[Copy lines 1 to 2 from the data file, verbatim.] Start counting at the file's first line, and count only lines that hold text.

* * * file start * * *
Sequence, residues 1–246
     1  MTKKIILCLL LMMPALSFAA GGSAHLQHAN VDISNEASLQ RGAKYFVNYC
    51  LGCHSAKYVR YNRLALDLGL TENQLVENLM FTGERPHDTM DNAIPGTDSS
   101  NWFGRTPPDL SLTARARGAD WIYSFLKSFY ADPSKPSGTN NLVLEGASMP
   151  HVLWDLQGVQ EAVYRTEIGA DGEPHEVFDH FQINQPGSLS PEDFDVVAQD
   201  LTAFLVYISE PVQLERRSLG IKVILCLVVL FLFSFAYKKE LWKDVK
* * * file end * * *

Sequence, residues 1–246
     1  MTKKIILCLL LMMPALSFAA GGSAHLQHAN VDISNEASLQ RGAKYFVNYC